With the load from the shell transferred to the central supporting rotisserie pole and the sides reinforced with steel plates, all the Crayford installed reinforcing could come out. Crayford didn't install their reinforcing as one piece, but instead put it in one piece at a time, bolting and welding as they went. This meant that the reinforcing in the rear companion bins had to be cut out, thereby condemning the companion bins themselves to the scrap bin

Also cut out was the main floor section. Due to numerous perforations and accident damage, the rear floor pan was also not salvageable, something that had not been anticipated during the assessment. 

December 28

The first step in panel repair is to cut back to sound steel and clean all the edges. A relatively straight cut makes forming the patch panel somewhat easier.

The floor pan assembly is clipped in place to serve as a guide while forming the lower edge of the patch panel.


Patch panels are formed, mostly by hand and fit so there is almost no gap, then butt welded with TIG. The time needed for welding is 90% fitting, 10% actually welding

 Many will argue this point, but TIG is the only way this sort of repair should be done. The weld is done by fusing the edges together using only a very small amount of filler rod. The resulting seam is slightly depressed with no warping of surrounding metal. MIG cannot accomplish a weld like this, particularly in the hands of an amateur, without the need for significant amounts of grinding. It is the grinding process which further distresses and work hardens the metal. TIG leaves the panel malleable ready for bumping to its final shape.

This is the right inner wing and A post repair, a panel which is not available. Even though this panel will be hidden it will be finished such that the weld seam will be undetectable under the paint, no filler is needed on these seams, just high build primer.

The backside of the panel looks just as good as the side that was welded on. Some fine work with a sanding disk is all that's needed to make the seam disappear. Final bumping is needed to form the entire panel into its proper shape, which is particularly important for this car considering the extent of damage from its accident 35 years ago.

Again, this panel will be hidden by trim, but the objective is to restore the car without evidence that it has ever been restored. It should look just the way it did the day it was awarded.

If you care to read more about my philosophy on restoration, go here

December 30

Patching of the inner wings and windscreen scuttle is complete so it's time to trial fit the A panels and wings. The front valence is a MK IV panel but it will have to do until the Mini Machine, sorry, "M-Machine", order arrives with the correct panel.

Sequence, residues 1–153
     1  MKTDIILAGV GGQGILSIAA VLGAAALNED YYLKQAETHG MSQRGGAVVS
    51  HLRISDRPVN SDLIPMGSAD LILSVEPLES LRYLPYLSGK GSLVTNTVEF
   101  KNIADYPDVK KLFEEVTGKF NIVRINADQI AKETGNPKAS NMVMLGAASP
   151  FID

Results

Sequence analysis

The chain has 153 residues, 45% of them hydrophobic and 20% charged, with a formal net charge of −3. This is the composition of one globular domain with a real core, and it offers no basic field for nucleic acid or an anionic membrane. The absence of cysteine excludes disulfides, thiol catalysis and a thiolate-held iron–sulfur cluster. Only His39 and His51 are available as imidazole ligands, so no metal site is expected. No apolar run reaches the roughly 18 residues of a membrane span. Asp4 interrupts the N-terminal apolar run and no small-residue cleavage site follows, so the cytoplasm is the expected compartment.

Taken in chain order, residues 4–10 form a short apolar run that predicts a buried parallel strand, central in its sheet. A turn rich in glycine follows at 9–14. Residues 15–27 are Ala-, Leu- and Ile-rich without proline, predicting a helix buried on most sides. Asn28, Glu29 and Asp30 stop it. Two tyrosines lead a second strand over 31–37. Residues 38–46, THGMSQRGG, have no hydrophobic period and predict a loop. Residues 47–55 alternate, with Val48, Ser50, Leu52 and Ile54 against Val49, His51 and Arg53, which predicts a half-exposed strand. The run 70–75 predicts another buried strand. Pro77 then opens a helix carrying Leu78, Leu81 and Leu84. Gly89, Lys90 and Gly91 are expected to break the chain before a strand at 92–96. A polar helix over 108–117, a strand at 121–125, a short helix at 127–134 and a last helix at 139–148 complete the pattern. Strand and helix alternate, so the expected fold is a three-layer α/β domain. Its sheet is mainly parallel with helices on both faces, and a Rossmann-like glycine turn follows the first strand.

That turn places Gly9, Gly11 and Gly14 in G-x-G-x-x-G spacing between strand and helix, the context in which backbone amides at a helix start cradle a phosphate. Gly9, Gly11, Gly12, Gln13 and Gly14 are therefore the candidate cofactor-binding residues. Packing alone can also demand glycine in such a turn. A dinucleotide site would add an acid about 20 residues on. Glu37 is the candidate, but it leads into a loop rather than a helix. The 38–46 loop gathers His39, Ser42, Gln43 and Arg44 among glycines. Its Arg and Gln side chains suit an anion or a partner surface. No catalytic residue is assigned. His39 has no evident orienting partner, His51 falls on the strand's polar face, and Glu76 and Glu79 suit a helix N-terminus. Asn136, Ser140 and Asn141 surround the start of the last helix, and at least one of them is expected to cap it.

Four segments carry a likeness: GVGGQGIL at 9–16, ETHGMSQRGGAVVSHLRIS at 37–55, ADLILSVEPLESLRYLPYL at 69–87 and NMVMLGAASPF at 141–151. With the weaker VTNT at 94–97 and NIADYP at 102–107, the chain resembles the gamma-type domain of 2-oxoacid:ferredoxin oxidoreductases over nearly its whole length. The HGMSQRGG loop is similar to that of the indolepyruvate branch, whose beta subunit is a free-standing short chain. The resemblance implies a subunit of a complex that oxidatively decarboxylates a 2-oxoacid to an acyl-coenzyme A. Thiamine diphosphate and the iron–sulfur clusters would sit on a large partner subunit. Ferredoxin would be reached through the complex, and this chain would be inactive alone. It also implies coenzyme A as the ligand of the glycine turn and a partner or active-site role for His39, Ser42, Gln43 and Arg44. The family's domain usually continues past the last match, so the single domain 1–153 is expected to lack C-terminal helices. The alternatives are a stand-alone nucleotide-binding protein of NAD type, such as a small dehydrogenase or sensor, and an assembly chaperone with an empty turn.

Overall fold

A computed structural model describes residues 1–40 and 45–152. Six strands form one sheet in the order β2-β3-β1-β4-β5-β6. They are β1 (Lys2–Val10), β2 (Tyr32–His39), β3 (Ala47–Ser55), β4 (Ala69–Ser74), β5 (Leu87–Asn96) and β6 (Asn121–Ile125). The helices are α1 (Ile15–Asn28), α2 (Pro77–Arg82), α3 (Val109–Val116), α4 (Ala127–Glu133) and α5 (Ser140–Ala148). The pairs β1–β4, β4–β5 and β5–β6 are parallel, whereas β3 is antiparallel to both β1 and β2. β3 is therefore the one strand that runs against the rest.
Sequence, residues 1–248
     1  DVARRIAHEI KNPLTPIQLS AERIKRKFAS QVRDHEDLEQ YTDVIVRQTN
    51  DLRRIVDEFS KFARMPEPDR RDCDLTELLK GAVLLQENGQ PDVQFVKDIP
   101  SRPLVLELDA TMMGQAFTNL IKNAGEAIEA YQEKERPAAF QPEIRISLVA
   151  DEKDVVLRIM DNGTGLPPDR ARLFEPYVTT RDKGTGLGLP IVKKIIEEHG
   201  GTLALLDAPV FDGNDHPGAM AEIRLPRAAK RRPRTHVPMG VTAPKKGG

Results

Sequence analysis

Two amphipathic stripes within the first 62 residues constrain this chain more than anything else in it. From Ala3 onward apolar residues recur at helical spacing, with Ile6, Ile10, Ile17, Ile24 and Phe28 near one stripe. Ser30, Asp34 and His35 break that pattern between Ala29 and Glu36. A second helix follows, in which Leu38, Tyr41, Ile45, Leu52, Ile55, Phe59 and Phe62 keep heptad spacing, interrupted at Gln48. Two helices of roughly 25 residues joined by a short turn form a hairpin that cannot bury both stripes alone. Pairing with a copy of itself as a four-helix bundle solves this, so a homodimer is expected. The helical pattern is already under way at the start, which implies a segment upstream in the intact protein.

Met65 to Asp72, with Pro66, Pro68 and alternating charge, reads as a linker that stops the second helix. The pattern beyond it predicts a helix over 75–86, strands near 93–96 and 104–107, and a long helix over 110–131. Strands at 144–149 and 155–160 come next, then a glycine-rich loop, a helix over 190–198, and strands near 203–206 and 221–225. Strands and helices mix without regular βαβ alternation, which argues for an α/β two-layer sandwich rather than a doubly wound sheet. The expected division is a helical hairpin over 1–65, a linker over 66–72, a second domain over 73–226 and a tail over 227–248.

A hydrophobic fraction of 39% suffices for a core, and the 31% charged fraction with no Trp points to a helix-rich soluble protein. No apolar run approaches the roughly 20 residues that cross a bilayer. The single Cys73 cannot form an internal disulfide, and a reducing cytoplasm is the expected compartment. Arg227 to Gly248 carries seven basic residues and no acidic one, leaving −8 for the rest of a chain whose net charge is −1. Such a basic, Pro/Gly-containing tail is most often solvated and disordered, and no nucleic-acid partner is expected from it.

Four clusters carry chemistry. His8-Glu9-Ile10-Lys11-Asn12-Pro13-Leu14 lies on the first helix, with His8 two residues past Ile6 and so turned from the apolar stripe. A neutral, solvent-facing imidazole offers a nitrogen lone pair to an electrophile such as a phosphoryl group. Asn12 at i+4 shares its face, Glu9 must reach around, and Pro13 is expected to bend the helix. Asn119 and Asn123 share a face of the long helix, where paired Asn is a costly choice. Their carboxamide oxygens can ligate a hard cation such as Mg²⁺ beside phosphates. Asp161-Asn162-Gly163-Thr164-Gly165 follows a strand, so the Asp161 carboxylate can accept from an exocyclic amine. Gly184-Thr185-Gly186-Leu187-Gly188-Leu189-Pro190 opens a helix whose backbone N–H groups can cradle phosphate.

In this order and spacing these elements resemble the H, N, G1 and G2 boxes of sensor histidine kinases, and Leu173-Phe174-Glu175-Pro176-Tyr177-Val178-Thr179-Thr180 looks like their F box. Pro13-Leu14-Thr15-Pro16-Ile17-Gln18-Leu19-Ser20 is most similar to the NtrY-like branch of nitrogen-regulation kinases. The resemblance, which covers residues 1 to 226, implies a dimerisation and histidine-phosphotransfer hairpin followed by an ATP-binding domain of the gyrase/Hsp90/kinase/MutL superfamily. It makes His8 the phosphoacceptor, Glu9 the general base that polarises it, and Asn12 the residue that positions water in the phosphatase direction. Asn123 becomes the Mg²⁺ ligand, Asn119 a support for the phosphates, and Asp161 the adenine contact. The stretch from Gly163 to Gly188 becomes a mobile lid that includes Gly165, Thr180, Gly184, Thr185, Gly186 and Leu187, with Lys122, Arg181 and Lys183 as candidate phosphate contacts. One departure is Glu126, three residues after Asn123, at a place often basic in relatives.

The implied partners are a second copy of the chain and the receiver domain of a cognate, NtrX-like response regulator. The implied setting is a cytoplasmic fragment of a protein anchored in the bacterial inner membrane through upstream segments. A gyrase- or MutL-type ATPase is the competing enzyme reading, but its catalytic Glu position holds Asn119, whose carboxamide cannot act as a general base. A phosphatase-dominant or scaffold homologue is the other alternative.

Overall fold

This part of the process demonstrates that there is no such thing as too many vise grips! They make an excellent Xmas gift by the way.


January 2, 2006

This right rear corner has been bothering me for some time. It's a difficult patch to make since this area is curved in every dimension and there's the waistline break and boot opening flange there too. No time like the present, eh? First job is to cut out the rusty area to sound metal, then form a patch panel. It wasn't as hard as I thought, so after 2 hours of work the area was repaired and looked as if it had never been damaged.

Since the Hornet shell is a composite of special panels and assembly line Mini panels there is a flange right at the corner of the boot lid running up to where the rear window would have been. Originally this was loaded with lead, so that is how this one is finished.

One of the reasons this area was so badly rusted is that there was a fibreglass patch underneath that kept moisture against the steel. It makes one wonder what people are thinking when it takes less time to repair it properly than it takes for fibreglass to cure,

January 3, 2006

Exactly why both bottom corners of both 1/4 windows rotted out is beyond me. Repair is pretty straight forward using the same process as all the other patches: cut back to sound metal, make a tight fitting patch and fuse the edges with TIG. A bit of blending of edges with 80 grit sanding disks on the pneumatic tools and it's ready for paint.


January 4, 2006

Now the top of the windscreen frame is a can of worms. When Crayford cut the roof off they finished the top rail by welding on a sheet metal plate, but then heaped it up with nearly 1/4" of filler. Since the convertible top closes on this edge it was badly gouged and looked a mess. I had the metal cleaners leave this area so I could use it as a gauge for the repair. Unfortunately, nothing is square, straight or flat so what shape to make it?

The new top plate will have a constant smooth shape and no filler. The wood nailing strip in the top will have to be remade anyway so at least it will be a simple shape to carve.



February 12, 2006

Progress since last report: 

Mini Machine panel order arrived

Mini Sport mechanical parts arrived